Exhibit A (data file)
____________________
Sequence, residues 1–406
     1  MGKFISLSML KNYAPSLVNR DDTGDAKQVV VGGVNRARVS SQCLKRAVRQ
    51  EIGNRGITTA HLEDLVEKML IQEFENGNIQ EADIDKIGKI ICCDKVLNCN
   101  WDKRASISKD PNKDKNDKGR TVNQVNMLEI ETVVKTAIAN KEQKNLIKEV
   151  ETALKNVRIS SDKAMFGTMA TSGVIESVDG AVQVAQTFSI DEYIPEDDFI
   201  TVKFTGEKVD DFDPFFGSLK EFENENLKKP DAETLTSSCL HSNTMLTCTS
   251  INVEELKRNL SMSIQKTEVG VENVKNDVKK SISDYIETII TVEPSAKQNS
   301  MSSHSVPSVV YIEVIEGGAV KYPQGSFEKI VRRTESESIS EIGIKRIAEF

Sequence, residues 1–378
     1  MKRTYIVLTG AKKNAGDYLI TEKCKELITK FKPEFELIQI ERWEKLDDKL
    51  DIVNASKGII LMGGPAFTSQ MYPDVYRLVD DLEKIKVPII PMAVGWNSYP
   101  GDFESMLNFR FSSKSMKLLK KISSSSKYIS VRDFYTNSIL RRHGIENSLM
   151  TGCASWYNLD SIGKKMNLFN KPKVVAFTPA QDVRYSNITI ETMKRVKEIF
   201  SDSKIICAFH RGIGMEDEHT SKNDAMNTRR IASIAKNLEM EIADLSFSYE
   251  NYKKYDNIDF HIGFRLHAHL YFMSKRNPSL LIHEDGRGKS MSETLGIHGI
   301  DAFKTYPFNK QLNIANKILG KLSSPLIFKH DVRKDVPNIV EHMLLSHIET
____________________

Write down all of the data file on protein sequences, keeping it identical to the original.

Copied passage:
Sequence, residues 1–406
     1  MGKFISLSML KNYAPSLVNR DDTGDAKQVV VGGVNRARVS SQCLKRAVRQ
    51  EIGNRGITTA HLEDLVEKML IQEFENGNIQ EADIDKIGKI ICCDKVLNCN
   101  WDKRASISKD PNKDKNDKGR TVNQVNMLEI ETVVKTAIAN KEQKNLIKEV
   151  ETALKNVRIS SDKAMFGTMA TSGVIESVDG AVQVAQTFSI DEYIPEDDFI
   201  TVKFTGEKVD DFDPFFGSLK EFENENLKKP DAETLTSSCL HSNTMLTCTS
   251  INVEELKRNL SMSIQKTEVG VENVKNDVKK SISDYIETII TVEPSAKQNS
   301  MSSHSVPSVV YIEVIEGGAV KYPQGSFEKI VRRTESESIS EIGIKRIAEF

Sequence, residues 1–378
     1  MKRTYIVLTG AKKNAGDYLI TEKCKELITK FKPEFELIQI ERWEKLDDKL
    51  DIVNASKGII LMGGPAFTSQ MYPDVYRLVD DLEKIKVPII PMAVGWNSYP
   101  GDFESMLNFR FSSKSMKLLK KISSSSKYIS VRDFYTNSIL RRHGIENSLM
   151  TGCASWYNLD SIGKKMNLFN KPKVVAFTPA QDVRYSNITI ETMKRVKEIF
   201  SDSKIICAFH RGIGMEDEHT SKNDAMNTRR IASIAKNLEM EIADLSFSYE
   251  NYKKYDNIDF HIGFRLHAHL YFMSKRNPSL LIHEDGRGKS MSETLGIHGI
   301  DAFKTYPFNK QLNIANKILG KLSSPLIFKH DVRKDVPNIV EHMLLSHIET